The First Stars

  • Simon Glover
Part of the Astrophysics and Space Science Library book series (ASSL, volume 396)


The first stars to form in the Universe—the so-called Population III stars—bring an end to the cosmological Dark Ages, and exert an important influence on the formation of subsequent generations of stars and on the assembly of the first galaxies. Developing an understanding of how and when the first Population III stars formed and what their properties were is an important goal of modern astrophysical research. In this review, I discuss our current understanding of the physical processes involved in the formation of Population III stars. I show how we can identify the mass scale of the first dark matter halos to host Population III star formation, and discuss how gas undergoes gravitational collapse within these halos, eventually reaching protostellar densities. I highlight some of the most important physical processes occurring during this collapse, and indicate the areas where our current understanding remains incomplete. Finally, I discuss in some detail the behaviour of the gas after the formation of the first Population III protostar. I discuss both the conventional picture, where the gas does not undergo further fragmentation and the final stellar mass is set by the interplay between protostellar accretion and protostellar feedback, and also the recently advanced picture in which the gas does fragment and where dynamical interactions between fragments have an important influence on the final distribution of stellar masses.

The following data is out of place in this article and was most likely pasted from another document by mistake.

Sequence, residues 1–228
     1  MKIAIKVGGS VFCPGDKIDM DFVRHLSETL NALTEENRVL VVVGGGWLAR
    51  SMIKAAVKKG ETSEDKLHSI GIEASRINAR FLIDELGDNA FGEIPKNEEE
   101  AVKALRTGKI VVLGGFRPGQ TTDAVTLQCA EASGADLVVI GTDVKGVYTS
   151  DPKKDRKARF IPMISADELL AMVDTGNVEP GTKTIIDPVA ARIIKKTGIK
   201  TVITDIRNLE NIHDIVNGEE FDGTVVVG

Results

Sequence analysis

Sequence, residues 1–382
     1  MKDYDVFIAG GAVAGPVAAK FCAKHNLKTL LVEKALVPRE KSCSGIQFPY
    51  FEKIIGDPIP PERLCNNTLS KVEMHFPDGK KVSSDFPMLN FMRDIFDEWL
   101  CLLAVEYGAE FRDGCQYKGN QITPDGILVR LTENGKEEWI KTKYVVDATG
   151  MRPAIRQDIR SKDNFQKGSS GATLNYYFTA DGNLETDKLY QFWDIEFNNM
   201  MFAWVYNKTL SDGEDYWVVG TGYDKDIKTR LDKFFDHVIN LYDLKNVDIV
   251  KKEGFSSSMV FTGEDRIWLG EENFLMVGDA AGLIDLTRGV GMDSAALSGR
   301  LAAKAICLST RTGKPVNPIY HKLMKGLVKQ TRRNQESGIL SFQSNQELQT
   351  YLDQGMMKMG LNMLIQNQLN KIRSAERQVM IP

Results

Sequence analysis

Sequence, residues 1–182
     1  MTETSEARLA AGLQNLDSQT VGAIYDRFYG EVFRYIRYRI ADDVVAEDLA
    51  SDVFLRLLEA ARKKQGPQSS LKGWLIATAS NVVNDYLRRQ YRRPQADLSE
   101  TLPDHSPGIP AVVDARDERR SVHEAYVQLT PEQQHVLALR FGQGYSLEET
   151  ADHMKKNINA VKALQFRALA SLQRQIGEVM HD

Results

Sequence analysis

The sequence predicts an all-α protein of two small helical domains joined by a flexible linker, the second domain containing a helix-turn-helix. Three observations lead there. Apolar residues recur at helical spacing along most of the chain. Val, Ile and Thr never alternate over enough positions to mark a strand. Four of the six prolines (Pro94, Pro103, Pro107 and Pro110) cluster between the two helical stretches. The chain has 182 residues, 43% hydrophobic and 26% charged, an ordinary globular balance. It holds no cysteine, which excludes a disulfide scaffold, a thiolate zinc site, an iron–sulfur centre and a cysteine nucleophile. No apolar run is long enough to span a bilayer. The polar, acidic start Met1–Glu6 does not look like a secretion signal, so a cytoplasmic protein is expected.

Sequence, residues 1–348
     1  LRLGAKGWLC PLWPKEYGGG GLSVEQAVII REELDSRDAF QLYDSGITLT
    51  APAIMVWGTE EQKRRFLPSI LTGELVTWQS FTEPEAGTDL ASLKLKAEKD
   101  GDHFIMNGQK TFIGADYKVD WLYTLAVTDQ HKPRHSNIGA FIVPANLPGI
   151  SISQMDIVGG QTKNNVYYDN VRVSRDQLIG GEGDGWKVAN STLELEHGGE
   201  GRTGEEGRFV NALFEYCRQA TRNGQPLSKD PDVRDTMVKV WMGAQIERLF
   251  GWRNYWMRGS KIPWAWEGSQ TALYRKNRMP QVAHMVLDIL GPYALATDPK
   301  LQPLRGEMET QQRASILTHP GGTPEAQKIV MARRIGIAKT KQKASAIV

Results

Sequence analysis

Dark Matter Star Formation Accretion Disk Accretion Rate Weakly Interact Massive Particle 
These keywords were added by machine and not by the authors. This process is experimental and the keywords may be updated as the learning algorithm improves.



The author would like to thank a large number of people with whom he has had interesting and informative discussions about the physics of Population III star formation, including T. Abel, V. Bromm, P. Clark, G. Dopcke, T. Greif, Z. Haiman, T. Hosokawa, R. Klessen, M. Norman, K. Omukai, B. O’Shea, D. Schleicher, B. Smith, R. Smith, A. Stacy, J. Tan, M. Turk, D. Whalen, and N. Yoshida. Special thanks also go to R. Smith and M. Turk for providing some of the data plotted in Fig. 3, and to P. Clark for his assistance with the production of Fig. 4. Financial support for this work was provided by the Baden-Württemberg-Stiftung via their program International Collaboration II (grant P-LS-SPII/18), from the German Bundesministerium für Bildung und Forschung via the ASTRONET project STAR FORMAT (grant 05A09VHA), and by a Frontier grant of Heidelberg University sponsored by the German Excellence Initiative.


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© Springer-Verlag Berlin Heidelberg 2013

Authors and Affiliations

  1. 1.Institut für Theoretische AstrophysikZentrum für Astronomie der Universität HeidelbergHeidelbergGermany

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